We’re all looking forward to the next event, which will be in San Francisco, in a month or two. If you have topics you’d like to see covered, we’d love to hear from you in the comments below!

As promised, I’ve assembled something of a “References” section to my talk, which you can find below.

(Hyper)LogLog

Random

  • Sean Gourley’s talk on human-scale analytics and decision-making
  • Muthu Muthukrishnan’s home page, where research on streaming in general abounds
  • A collection of C and Java implementations of different probabilistic sketches

Attendees of the third No BS Data Salon

No BS Data Salon #2

On Saturday, our illustrious Chief Scientist Matt Curcio sat on the Frameworks, Tools, and Techniques for Scaling up Machine Learning panel at the second No BS Data Salon hosted by MetaMarkets. The discussion ranged from scaling the human aspect of ML and analytics to brass tacks about the difficulties of actually performing ML on web scale data sets.

The theme for this Salon was analytics, and just like last time the focus was on real use cases and a no-nonsense open discussion. We heard great presentations from Sean Gourley of Quid, Ian Wong of Square, and Metamarkets’ own Nelson Ray. Sean gave a great talk about the future of human-scale vs. machine-scale decision-making and analytics. Ian gave an informative overview of the challenges of growing a risk analysis team at Square. Nelson threw down with an awesome technical presentation about how to “A/B test anything”.

This second event in the series was certainly a worthwhile follow-up to the first! Thanks again to Metamarkets for the food, drink, and welcome. You won’t find better hosts than Mike and Nisha!

No BS Data Salon #2 attendees during Sean Gourley's PresentationNo BS Data Salon #2 attendees during Sean Gourley's PresentationNo BS Data Salon #2 attendees caffeinating in between presentations

Real-Time Streaming with Rsyslog and ZeroMQ

Rsyslog + 0MQHow do we go about streaming data in real time? At AK, we use Rsyslog in conjunction with ZeroMQ and a little AK secret sauce. Why Rsyslog? We looked for technology that existed in the world today that solved >90% of the problem. Since the beginning of modern UNIX operating systems, system logging has existed in the computer world and has evolved into real-time log routers and aggregators.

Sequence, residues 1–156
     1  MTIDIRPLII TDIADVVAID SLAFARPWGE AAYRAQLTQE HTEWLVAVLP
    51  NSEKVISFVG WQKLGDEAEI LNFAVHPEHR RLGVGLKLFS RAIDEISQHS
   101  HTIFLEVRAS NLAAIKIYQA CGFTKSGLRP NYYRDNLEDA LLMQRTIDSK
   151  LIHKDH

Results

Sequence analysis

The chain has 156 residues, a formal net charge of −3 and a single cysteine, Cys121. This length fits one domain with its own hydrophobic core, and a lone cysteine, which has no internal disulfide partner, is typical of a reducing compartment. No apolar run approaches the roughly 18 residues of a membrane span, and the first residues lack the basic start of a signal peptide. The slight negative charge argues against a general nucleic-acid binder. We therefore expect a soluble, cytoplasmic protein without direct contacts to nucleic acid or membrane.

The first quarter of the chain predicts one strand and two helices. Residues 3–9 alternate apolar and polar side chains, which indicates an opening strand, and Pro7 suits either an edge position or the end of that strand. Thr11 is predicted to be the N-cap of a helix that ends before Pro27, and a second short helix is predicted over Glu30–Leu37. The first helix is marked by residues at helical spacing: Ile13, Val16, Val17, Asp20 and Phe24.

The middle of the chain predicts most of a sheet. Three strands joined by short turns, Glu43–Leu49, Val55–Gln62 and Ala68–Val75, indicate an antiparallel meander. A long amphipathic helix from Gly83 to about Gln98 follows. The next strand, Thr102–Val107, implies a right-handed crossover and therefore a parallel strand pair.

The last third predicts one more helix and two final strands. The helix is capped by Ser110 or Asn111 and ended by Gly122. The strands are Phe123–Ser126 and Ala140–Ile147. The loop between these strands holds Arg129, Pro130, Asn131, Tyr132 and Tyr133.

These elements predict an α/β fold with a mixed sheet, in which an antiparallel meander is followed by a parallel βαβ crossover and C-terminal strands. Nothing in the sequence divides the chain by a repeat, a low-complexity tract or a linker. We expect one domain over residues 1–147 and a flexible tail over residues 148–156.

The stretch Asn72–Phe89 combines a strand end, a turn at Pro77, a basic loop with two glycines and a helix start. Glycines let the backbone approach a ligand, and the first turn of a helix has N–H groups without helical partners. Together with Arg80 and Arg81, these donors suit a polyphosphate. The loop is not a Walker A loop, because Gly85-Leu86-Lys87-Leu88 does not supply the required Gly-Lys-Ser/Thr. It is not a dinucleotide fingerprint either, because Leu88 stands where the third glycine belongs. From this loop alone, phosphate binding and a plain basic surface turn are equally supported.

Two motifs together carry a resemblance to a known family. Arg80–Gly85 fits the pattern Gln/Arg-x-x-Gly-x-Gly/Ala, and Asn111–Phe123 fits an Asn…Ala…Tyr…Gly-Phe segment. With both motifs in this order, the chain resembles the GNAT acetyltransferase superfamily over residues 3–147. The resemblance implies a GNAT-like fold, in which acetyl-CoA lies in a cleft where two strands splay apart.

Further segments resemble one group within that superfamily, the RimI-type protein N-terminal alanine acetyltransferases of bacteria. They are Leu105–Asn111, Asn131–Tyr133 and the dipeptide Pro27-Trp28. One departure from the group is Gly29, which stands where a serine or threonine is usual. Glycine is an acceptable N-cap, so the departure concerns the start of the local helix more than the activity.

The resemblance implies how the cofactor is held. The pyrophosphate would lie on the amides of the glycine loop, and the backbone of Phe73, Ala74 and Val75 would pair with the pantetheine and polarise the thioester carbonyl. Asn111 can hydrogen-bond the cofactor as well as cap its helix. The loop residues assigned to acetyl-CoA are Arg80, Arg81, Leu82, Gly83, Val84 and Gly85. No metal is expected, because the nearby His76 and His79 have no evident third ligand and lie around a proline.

• Rsyslogd allows for multiple inputs and outputs.
  • Rsyslogd allows for multiple routes based on stream type, origination (location and/or application), destinations.

As such, AK has written a ZeroMQ Rsyslog module

  • ZeroMQ input/output interface (connect/bind, push/pull)
  • pub/sub type coming soon

Simply put, we at AK have moved to a real-time data streaming process by integrating the Rsyslog service with the ZeroMQ library. This has allowed us to move from a brittle system of large scheduled data migrations and deferred processing to a lighter weight model of real time streaming data and processing. There are many benefits to this, including high scalability, durability and verification, real-time streaming among multiple data centers, and efficiency. We believe that others who have the same issues of counting and providing insights to massive data sets will follow in moving to a real time data analytics platform.

The pub-sub ZeroMQ integration. This is beyond cool since it basically allows us to expose a tap into the event stream. You want to simply connect to the event stream and try out some new algorithm? It’s trivial. Put ZeroMQ on the front and start listening. You want to grab a few minutes worth of events as they come in? Just connect and take what you need. No more going off to the log server, finding the logs, parsing them, breaking them up, etc, etc, etc. Just tap and go.